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SSX hands-on impressions: It’s simply funtastic!

by on August 26, 2011
 

At first, when the game was originally announced at the 2010 Spike Video Game Awards, I was partially skeptical and honestly did not know what to expect. I’m sure many of you have felt the same way in anticipation of a new SSX title. Over time new information was released, along with some gameplay footage, and I began to slowly understand the direction and approach this game has taken. Now that I saw more from the game and had a chance to actually play it last Friday at GamesCom, I’m pretty confident that the sweet folks at EA really know what they’re doing and I have no doubt SSX will be a hit. Even if you hate snow, or winter in general, you will still love this game…

 

What makes SSX instantly stand out are its rich features. For starters – if you thought the Earth’s “globe”‘, which was seen earlier in numerous videos, was just some kind of shiny placeholder, you thought wrong. That is basically your main menu interface through which you can instantly and comfortably navigate yourself. You pick the type of event you want to compete in, you pick the location through the globe, which basically is a huge and flexible three-dimensional map of the games world, and you’re done. In the advanced menu you can of course also choose different types of gear – depending on your funds, the terrain you will be riding, the event itself and the time of day. Not sure wheter I can mention the details just yet, but for the time being think ‘helmet’, ‘terrain’, ‘light’ and ‘dark’. There are also different types of gear than just helmets and there even is a helmet that can… Nah, I won’t spoil it for you guys. I know it’s not much, but I don’t want to give it away since finding out by yourself will be alot more fun! Just trust me when I say you’ll love it and that gear itself plays an important role throughout the game. In some titles it’s implemented purely as a visual and entertaining factor you can goof around with to impress your friends. In SSX it’s pretty vital.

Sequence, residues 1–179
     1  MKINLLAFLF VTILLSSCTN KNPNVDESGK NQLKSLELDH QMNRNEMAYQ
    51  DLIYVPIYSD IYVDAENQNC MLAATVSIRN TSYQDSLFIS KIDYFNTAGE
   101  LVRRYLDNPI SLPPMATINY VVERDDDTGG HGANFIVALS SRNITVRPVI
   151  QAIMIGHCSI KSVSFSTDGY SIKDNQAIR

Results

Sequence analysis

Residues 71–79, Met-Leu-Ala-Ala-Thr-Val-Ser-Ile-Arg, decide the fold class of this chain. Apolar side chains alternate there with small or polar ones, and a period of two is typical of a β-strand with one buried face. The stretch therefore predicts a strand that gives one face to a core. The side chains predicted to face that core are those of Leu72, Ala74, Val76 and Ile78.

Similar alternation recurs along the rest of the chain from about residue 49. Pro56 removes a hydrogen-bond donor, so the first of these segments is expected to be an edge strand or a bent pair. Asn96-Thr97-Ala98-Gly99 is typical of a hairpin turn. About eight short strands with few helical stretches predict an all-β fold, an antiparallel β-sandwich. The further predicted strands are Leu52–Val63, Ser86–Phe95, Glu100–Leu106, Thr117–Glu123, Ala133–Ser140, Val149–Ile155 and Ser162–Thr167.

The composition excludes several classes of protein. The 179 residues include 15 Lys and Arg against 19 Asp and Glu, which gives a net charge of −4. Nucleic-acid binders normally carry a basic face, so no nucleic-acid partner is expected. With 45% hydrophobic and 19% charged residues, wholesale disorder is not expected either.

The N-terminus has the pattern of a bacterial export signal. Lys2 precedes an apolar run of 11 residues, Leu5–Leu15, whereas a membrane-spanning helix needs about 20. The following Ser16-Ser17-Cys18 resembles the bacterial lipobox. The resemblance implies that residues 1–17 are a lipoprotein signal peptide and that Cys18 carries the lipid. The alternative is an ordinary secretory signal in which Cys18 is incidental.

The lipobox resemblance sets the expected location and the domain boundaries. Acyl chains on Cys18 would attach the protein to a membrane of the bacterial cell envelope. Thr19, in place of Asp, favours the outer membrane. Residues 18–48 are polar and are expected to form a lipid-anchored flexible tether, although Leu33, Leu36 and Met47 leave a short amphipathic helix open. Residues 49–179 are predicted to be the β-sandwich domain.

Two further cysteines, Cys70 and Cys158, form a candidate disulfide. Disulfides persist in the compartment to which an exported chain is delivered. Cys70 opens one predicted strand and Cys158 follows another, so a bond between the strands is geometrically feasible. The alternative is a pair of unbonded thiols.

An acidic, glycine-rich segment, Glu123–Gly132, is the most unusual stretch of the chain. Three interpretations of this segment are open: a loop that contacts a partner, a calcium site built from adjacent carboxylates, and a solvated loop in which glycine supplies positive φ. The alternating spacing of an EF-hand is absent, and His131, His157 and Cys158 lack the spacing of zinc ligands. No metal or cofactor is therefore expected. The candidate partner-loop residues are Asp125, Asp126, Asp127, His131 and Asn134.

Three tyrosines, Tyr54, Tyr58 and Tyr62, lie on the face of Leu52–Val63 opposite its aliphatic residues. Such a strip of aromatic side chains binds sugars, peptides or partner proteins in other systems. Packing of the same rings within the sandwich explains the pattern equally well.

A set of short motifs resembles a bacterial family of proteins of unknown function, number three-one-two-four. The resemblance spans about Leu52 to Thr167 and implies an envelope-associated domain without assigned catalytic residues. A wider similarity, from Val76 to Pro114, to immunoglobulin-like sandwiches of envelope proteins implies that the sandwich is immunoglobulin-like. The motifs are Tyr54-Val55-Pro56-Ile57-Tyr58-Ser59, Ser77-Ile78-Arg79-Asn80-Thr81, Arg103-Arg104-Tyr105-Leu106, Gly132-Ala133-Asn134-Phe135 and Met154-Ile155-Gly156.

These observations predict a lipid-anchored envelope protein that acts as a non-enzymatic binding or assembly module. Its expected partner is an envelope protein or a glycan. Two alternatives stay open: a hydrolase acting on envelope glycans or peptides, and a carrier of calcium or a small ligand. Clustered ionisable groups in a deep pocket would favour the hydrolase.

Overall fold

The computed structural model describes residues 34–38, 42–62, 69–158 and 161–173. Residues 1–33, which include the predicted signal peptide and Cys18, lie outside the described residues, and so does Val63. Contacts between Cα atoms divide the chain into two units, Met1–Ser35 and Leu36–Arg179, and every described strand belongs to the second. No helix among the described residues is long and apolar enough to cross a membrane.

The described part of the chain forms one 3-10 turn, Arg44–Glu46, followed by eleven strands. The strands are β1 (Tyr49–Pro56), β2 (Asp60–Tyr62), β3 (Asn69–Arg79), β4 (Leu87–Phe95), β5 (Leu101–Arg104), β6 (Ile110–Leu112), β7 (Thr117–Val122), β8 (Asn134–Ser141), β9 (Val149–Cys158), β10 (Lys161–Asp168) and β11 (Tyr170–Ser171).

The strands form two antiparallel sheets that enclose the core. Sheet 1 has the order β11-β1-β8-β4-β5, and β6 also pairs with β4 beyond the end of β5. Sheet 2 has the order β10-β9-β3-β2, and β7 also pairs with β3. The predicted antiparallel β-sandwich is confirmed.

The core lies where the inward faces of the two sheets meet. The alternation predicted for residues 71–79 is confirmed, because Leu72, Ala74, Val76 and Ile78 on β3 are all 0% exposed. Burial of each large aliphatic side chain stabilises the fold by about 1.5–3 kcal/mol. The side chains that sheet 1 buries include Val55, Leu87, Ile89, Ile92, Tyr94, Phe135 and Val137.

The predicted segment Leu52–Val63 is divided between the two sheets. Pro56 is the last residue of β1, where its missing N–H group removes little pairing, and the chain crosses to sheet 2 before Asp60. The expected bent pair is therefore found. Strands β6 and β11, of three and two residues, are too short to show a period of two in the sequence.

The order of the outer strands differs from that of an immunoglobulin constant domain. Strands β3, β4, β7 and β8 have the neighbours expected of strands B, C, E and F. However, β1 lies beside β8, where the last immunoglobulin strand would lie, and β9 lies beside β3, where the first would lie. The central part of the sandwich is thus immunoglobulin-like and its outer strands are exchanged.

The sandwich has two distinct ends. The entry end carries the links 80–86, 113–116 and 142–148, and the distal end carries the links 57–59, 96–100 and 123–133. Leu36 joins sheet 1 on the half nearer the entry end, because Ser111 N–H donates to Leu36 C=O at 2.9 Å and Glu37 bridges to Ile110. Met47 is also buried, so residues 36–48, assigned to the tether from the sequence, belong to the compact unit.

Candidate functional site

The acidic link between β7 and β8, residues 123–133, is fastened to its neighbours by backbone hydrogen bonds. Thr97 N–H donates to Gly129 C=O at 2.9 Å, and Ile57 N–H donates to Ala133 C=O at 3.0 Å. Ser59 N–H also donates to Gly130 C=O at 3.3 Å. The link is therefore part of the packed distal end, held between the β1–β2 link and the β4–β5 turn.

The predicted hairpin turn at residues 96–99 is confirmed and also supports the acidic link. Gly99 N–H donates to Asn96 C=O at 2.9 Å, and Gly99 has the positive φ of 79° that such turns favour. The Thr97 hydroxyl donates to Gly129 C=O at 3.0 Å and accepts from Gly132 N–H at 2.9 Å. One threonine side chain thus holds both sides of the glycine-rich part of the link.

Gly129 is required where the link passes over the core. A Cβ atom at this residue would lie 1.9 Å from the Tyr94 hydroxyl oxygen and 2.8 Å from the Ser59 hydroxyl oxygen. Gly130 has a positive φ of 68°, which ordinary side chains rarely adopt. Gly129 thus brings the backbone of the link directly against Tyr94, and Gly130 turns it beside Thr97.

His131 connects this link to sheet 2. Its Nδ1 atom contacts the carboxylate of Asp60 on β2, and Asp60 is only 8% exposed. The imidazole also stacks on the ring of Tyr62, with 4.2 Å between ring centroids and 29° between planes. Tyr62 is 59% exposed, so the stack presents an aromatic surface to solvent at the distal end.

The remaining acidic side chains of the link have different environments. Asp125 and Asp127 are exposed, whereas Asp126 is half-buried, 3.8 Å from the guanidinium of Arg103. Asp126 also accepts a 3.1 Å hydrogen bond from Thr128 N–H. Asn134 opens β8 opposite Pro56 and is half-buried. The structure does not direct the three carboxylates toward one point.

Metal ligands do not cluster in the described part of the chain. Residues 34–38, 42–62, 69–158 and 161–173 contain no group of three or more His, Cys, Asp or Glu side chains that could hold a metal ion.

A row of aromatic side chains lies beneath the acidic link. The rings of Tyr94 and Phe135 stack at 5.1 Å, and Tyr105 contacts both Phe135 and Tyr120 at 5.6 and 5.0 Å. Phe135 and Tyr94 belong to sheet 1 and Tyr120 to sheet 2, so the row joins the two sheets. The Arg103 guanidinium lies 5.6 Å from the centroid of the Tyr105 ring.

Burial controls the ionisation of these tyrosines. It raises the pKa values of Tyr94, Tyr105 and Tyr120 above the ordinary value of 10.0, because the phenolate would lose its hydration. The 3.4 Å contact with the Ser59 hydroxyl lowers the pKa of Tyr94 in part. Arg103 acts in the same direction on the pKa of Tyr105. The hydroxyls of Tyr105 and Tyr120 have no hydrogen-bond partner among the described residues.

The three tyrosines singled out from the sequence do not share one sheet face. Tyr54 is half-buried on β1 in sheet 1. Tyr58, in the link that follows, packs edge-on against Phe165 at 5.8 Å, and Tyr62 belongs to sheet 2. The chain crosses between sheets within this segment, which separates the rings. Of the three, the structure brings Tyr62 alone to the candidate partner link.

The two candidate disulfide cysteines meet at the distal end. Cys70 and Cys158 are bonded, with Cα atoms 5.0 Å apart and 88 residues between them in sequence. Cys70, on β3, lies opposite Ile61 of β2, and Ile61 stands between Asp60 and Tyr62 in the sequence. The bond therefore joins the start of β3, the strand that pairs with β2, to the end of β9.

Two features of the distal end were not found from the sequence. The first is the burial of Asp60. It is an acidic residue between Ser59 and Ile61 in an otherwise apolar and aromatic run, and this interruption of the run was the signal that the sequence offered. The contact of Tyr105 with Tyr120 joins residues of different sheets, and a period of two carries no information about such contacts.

Another thing that is vital, to most players now-a-days, are loading times. Nobody likes to wait. Everyone wants to play everything instantly, since that  has become the new trend – to always be in a hurry, and therefore when a game takes more time than average to load we often become furious, confused or upset. Well, I can happily announce that SSX is one of those few games that load in an instant. Want a number? 10! It takes roughly under ten seconds for the game to load and considering how much data it consists of, that is pretty impressive! And we’re not even fully in Beta… This alone proves how dedicated the team behind SSX truly is and it’s small details like these that will make a difference.In terms of characters… I’m sure everyone will get to pick their favourites. I personally will go with Elise, Moby and Zoe. Not that I would have anything against any potential newcomers, but I think these three simply stand out and are not only classics, but fan favourites as well. It’s good to have them in the house. Mentioning that every character is unique is something you’ve probably figured out by now – not just from their different and shiny colourful outfits. They are simply personalities. The story won’t be anything groundbreaking, but it will serve well as a baseline for you to advance in this frozen and snowy world without having to think too hard what’s going on in the game and letting you focus on the real deal – riding itself.